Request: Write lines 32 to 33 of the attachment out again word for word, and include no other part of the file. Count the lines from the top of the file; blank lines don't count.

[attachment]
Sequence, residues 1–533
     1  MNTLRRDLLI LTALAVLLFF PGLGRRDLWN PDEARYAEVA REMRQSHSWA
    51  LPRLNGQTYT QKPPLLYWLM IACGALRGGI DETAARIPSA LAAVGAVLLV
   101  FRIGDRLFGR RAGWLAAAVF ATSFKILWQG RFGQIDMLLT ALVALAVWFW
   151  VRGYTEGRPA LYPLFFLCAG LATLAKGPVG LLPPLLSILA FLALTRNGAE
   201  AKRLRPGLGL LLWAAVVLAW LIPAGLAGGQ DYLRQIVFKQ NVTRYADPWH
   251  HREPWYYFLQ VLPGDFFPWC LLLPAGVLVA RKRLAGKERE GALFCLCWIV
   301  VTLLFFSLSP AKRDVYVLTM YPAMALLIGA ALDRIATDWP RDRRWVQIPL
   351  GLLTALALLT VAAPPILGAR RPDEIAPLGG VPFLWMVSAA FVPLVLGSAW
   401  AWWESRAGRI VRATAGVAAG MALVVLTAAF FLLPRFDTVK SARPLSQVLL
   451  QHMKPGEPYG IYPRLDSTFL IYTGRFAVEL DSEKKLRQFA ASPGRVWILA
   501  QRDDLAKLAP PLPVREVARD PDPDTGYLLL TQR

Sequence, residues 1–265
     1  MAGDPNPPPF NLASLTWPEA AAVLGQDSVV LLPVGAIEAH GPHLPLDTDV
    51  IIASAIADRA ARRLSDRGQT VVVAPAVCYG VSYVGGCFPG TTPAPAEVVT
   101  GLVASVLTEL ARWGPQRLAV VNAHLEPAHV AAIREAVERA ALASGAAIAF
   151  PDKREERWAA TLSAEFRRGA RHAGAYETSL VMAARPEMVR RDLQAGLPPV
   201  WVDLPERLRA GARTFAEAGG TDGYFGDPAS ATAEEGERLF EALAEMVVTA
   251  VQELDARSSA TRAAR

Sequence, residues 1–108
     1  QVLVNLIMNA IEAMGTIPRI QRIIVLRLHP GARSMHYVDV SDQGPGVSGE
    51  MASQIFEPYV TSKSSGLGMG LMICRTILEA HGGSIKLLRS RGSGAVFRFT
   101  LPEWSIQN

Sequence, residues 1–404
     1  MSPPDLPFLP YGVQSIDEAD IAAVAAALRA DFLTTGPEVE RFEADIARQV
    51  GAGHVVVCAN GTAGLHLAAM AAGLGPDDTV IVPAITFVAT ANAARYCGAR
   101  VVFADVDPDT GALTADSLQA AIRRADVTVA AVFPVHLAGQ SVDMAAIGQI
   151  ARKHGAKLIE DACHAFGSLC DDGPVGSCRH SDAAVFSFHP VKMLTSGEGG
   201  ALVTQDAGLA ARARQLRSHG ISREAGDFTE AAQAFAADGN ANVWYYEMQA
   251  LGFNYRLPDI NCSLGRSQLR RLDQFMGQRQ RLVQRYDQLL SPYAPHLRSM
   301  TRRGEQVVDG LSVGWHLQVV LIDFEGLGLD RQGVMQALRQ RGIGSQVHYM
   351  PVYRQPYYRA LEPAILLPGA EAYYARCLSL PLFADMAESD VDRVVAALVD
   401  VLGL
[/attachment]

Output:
   351  PVYRQPYYRA LEPAILLPGA EAYYARCLSL PLFADMAESD VDRVVAALVD
   401  VLGL